I’d like to begin by congratulating the many councillors and mayors who were elected into NSW local government positions two years ago this week. Thank you for all the work you do, serving your communities in the most valuable sphere of government in our nation.
Your help needed: Federal election focus on local – I’m so proud we joined with the Australian Local Government Association (ALGA) to launch your federal election document. Our local government platform outlines 12 ways political parties and their candidates can keep the election local and deliver for Australian communities.
The document quotes a YouGov Galaxy poll from June 2018, which found that 81 per cent of Australians agree that political candidates should focus on local issues and local communities at the next federal election.
I’m looking forward to discussing the campaign further at ALGA’s Board meeting in Canberra next week.
All councils are urged to support ALGA’s national advocacy. Visit ALGA’s election advocacy website to find out more.
Review of the planning system; ensuring local government’s voice is heard – We had another positive and productive meeting with Planning Minister Anthony Roberts, raising the many issues you continue to raise with us – including the need for reform of boarding houses, short-term rental accommodation, the need for LGNSW to participate in the Review of Environmental Planning and Assessment Regulation 2000 and planning skill shortages.
If you would like us to raise anything at our next meeting, email Jane Partridge, Senior Policy Officer, Planning, LGNSW.
I was also pleased to meet with former NSW Deputy Police Commissioner Nick Kaldas this week to provide local government feedback on his review of the decision-making framework, of the NSW planning system.
On your behalf, we raised members’ concerns on matters including spot re-zoning, private certifiers, the Building and Development Certifiers Bill 2018, local planning panels, e-planning, skills shortages and planner qualifications.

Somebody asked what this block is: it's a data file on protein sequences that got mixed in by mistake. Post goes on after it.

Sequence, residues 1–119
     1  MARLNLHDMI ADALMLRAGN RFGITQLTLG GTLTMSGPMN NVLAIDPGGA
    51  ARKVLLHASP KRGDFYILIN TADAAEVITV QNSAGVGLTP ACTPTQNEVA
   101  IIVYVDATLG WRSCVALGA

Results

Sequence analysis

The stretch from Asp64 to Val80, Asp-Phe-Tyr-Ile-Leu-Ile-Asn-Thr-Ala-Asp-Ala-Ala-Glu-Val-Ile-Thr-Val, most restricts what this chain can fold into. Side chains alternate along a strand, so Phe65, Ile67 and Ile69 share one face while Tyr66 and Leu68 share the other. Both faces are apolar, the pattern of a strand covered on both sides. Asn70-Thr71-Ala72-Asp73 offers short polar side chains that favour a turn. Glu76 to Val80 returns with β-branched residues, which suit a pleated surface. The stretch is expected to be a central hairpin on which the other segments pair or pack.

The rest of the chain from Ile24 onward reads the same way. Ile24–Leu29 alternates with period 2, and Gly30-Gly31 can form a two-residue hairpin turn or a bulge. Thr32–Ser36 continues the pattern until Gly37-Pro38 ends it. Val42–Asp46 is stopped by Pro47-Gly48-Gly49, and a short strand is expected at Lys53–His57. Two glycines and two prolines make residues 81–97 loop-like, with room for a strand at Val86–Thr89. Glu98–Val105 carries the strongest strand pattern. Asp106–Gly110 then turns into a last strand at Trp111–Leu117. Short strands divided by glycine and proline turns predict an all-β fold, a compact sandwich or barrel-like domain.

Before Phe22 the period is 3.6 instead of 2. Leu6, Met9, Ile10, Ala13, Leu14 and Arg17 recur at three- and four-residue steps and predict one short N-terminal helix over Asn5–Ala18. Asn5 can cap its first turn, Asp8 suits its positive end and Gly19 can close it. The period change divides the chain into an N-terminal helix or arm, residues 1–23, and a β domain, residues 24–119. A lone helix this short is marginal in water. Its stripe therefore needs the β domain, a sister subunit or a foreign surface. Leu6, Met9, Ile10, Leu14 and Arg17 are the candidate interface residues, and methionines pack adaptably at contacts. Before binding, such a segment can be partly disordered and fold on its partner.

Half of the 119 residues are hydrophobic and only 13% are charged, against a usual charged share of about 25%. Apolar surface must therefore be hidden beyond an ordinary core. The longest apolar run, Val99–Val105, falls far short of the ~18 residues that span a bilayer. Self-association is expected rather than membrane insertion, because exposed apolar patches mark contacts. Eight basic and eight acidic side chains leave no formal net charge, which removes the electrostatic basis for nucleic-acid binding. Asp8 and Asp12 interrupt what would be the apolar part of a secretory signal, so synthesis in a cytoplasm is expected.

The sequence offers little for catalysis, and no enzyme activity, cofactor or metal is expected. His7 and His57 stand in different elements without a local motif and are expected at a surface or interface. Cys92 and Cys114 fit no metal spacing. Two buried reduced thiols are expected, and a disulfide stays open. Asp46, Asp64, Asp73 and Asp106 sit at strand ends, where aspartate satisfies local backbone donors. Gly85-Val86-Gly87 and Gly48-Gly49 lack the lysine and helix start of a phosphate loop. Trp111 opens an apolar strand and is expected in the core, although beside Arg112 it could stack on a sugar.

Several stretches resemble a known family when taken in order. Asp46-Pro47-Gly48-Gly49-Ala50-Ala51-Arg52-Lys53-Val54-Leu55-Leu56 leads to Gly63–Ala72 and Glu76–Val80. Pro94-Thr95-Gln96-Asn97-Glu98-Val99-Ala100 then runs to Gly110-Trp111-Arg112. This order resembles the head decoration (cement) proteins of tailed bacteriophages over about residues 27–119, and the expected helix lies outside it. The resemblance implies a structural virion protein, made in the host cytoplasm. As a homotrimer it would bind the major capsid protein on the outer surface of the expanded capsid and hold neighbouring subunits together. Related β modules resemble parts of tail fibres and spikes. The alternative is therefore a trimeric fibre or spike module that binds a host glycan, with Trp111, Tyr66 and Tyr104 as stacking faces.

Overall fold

Success: IPART announces next year’s rate peg of 2.7% – The Independent Pricing and Regulatory Tribunal (IPART) announced a 2.7% increase on council rates for 2019/20 this week. The new rate reflects the local government price index, which measures the range of costs borne by local government.
While LGNSW welcomes the rate is higher than in recent years, we argued it still leaves little scope for councils to address infrastructure maintenance backlogs, or to build a more sustainable financial future. It also forces many councils to seek special rate variations to cover the cost of providing vital new infrastructure and services. Read more in our media release and Weekly article.
Increasing Aboriginal and Torres Strait Islander participation in local government – It was a great honour to address delegates at the 30th NSW Local Government Aboriginal Network Conference, and thank you to Mayor Cathy Redding and Narrabri Shire for hosting us this week.
The conference brought together delegates from across the state to discuss current and emerging issues facing councils, Aboriginal communities, businesses and the wider community. I encourage councils to make use of LGNSW’s Collaborate NSW website and resource kit to support the inclusion of Aboriginal communities in council decision making, service development and delivery.
For more information contact Margaret Kay, Strategy Manager, LGNSW.
The fight for increased funding for public libraries continues – If you’re currently considering or have passed a mayoral minute to support our Renew Our Libraries campaign, we still need your support despite the NSW Government’s announcement of $60 million in new funding! We’ve been examining the detail of the funding package and how it measures up against other states. What we know so far is that it’s not enough and it cuts off in 2023. Look out for further communication on this shortly.
Your Help Needed: Councillor Work Value Project - In response to your requests, we’re conducting a significant new review of the appropriateness of the remuneration paid to mayors and councillors in NSW in order to make the case for increased remuneration and conditions.
In addition to the significantly increased workloads of elected members, the review will consider complex changes including the Integrated Planning and Reporting Framework, the introduction of joint organisations and recent amendments to the Local Government Act 1993 concerning the role of the governing body and elected members.
The review will also collect feedback on the classification criteria under the Act for future submissions (the Local Government Remuneration Tribunal will next consider categorisation in 2020). The survey will be distributed to member councils in early October 2018 – so keep a look out to ensure your voice is heard! Members’ participation is crucial to the success of this project and I thank you in advance for your support. Read more .